Tuesday, July 10, 2007

MIke does Illustration Friday: "Geeky"

Mike writes: This project started with a dream of my efforts to control a little dachshund, then I added half of Frank Stella's picture, "The Marriage of Reason and Squalor" and learned a good geeky term "leet". Great Fun.

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Melinama does Illustration Friday: "Geeky"

I started out to do my own take on "The Bob Principle" (see the original below) which is very geeky, but by the time I was finished it had wandered off in a different direction.




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Sunday, July 08, 2007

Pictures from today's Eno Festival.

I picked up Menticia and her sister today (had to kind of shake them out of bed) and we headed out to the Festival for the Eno. This year's mascot is the chipmunk, as featured in this sand sculpture.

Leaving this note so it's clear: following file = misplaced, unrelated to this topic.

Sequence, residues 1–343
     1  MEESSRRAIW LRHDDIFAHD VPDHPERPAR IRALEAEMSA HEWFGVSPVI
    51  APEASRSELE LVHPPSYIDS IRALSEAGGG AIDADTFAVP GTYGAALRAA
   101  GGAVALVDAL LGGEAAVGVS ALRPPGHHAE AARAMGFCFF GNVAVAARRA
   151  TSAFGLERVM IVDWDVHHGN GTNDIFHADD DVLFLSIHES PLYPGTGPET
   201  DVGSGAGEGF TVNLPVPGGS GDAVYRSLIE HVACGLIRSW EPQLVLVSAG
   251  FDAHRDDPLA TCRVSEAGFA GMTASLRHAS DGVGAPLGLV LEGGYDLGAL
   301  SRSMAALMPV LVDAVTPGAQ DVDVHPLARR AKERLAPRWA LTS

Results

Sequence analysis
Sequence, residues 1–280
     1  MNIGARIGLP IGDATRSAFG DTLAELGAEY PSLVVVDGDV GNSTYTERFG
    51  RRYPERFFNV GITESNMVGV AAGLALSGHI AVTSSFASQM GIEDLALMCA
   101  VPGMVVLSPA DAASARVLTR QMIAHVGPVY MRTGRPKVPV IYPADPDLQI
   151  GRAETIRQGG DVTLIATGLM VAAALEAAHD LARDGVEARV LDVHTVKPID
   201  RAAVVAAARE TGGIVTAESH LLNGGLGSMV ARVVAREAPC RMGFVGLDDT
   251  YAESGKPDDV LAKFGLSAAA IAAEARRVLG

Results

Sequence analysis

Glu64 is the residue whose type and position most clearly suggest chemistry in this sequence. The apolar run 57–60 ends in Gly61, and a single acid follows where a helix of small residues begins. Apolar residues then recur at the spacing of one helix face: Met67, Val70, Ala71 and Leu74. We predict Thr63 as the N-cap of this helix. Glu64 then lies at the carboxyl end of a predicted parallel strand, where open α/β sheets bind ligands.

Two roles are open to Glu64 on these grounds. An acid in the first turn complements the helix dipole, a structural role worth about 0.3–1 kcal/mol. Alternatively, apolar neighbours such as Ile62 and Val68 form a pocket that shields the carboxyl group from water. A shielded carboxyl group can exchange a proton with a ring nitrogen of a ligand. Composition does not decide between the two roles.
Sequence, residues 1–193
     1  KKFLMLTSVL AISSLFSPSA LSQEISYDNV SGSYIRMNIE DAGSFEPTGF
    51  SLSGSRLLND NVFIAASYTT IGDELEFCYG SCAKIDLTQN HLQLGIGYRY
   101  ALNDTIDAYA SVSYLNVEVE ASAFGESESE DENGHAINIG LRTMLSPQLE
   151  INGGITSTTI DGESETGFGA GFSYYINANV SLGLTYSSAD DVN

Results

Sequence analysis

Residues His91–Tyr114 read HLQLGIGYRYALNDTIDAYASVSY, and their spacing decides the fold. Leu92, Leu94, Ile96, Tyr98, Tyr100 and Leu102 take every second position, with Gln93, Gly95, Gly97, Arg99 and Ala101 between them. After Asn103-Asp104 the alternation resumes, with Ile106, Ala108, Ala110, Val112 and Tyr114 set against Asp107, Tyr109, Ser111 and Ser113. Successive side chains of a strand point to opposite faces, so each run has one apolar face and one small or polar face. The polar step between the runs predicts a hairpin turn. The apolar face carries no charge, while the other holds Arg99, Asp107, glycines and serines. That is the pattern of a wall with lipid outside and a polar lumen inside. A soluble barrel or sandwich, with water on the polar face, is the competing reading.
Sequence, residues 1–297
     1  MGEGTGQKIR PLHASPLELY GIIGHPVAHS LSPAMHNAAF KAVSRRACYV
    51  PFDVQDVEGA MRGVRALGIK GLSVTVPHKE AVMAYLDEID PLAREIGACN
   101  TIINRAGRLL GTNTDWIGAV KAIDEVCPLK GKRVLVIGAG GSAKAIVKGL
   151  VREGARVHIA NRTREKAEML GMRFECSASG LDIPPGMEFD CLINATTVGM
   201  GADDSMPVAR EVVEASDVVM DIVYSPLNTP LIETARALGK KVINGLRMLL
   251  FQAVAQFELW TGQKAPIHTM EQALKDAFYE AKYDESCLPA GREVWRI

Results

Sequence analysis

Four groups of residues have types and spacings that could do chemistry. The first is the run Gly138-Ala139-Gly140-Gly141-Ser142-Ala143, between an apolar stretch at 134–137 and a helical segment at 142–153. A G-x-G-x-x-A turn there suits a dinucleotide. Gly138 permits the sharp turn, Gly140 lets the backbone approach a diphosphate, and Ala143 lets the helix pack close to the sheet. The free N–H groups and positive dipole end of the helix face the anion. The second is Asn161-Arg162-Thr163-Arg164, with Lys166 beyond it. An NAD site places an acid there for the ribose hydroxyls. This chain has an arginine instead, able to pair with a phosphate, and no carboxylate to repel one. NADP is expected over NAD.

I gave them a tour of the whole park and then set them loose to wander on their own. They were struck (not particularly favorably) by a big boisterous bunch of boomer belly dancers and reported that somebody in the crowd was yelling: "You go, granny!"


For local musicians this is the place to see the folks you haven't seen all year. Each year we get a little older but we're still above ground!


The Fourth of July weekend is always very hot in North Carolina. One year it was so hot at the Eno that the hide glue holding Bob's instruments together started to melt and he had to have all the braces reglued.


So today, as usual, was very hot. This caused me some embarrassment in our last number - my clavicle and chin were so sweaty the violin slipped a few inches and I missed a measure or two. Bob looked at me in horror but I hitched it back up and finished the tune with him.